The Ocean at the End of the Lane : Book Review

Saturday, 26 April 2014

'This is what he remembers, as he sits by the ocean at the end of the lane: 
A dead man on the back seat of the car, and warm milk at the farmhouse; 
An ancient little girl, and an old woman who saw the moon being made; 
A beautiful housekeeper with a monstrous smile; 
And dark forces woken that were best left undisturbed.'  




No words. I have no words. Nope. 

Neil Gaiman you brilliant man you. This book is everything an adult fairy tale should be. After reading Gone Girl this book was like a warm hug but also has possibly two of the most terrifying villains I have ever staying awake thinking about. This book begins with a middle aged man returning to his hometown for a funeral which by a strange coincidence, then finds himself driving to the farm of his childhood friend. However this farm is different as it has an ocean in the back garden disguised as a lily pond. Oh yeah. The man then starts to remember his time living on the lane and the strange and magical events that happened there.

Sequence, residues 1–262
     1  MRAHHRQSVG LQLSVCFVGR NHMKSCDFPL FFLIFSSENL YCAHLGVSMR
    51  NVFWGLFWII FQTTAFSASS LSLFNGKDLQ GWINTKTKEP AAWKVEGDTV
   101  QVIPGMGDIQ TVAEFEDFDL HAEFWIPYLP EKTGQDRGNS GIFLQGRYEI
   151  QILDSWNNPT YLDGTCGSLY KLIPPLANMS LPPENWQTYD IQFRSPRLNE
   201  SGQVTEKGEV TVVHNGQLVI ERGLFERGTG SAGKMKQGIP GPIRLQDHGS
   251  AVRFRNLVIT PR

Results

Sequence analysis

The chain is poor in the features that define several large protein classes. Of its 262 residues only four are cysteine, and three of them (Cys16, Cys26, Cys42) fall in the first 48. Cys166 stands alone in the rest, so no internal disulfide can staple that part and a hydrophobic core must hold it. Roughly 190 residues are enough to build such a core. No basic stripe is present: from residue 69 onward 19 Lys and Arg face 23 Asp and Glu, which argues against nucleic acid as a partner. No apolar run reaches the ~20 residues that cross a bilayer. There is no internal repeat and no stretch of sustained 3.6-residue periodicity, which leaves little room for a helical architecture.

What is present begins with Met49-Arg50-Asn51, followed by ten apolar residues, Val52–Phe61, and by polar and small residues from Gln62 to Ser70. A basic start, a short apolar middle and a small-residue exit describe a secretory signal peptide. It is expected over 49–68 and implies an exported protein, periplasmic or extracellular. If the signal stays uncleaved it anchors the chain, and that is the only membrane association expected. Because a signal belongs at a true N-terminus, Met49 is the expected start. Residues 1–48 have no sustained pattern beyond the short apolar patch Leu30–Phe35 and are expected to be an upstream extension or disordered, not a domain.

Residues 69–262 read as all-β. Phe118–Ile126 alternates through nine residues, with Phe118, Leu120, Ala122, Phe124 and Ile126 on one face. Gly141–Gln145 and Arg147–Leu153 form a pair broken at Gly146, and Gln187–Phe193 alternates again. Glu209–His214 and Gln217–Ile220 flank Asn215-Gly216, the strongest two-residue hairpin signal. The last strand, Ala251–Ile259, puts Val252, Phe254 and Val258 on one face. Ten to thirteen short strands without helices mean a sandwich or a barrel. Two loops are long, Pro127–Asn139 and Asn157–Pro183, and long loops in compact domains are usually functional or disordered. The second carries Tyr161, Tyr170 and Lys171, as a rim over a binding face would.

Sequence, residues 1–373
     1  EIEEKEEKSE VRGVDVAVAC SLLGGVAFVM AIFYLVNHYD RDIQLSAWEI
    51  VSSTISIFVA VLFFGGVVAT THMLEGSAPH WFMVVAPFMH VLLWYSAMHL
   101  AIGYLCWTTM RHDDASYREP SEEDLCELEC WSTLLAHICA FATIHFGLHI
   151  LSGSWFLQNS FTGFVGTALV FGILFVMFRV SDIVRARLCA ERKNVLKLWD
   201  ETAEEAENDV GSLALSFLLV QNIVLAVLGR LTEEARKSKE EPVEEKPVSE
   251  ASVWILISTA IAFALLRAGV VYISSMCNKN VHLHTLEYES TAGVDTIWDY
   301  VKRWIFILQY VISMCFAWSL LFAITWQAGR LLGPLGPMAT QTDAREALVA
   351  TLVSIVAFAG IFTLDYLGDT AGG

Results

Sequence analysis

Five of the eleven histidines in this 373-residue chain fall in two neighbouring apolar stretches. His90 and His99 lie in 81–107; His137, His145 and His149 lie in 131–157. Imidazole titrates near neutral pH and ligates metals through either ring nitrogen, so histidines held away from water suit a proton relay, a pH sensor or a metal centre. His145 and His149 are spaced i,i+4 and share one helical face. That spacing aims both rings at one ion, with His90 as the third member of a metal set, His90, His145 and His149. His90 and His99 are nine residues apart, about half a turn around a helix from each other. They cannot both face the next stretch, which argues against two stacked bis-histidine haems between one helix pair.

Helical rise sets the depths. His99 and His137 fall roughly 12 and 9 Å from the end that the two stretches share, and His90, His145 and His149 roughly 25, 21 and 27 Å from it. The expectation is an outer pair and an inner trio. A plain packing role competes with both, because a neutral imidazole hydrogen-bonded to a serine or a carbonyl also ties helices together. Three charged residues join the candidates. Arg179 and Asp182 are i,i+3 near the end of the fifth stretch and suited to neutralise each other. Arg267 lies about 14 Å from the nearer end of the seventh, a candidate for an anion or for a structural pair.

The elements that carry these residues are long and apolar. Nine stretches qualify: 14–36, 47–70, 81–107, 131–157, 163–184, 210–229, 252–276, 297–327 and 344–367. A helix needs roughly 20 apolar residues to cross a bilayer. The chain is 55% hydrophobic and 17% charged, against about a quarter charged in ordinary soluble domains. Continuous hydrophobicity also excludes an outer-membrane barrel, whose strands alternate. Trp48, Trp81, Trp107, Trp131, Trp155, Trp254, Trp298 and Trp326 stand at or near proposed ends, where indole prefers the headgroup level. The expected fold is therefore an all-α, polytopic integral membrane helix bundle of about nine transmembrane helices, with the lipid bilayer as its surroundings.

This book flips from the utterly magical and wonderful to the ever so slightly disturbing. For example, as previously mentioned the villains are utterly terrifying. The demon like creature trapped in the body of a beautiful housekeeper is scary enough but the fact this is seen through the eyes of a seven year old boy means that things he sees and does not necessarily pick up on are ten times more disturbing for an adult reader. The other monster is too traumatic to talk about, like there is something under your bed traumatic. 

However this book is very refreshing. It feels like Gaiman is not trying to be overly clever with the plot or feels like the story needed to be extensively developed. Instead he expertly uses his descriptive language to create this world at the end of the lane that could exist naturally or just in the imagination of a seven year old child. Regardless, I am in love with this book it is flawless.  

The next book I will be reading is ... 'A Long Way Down' by Nick Hornby.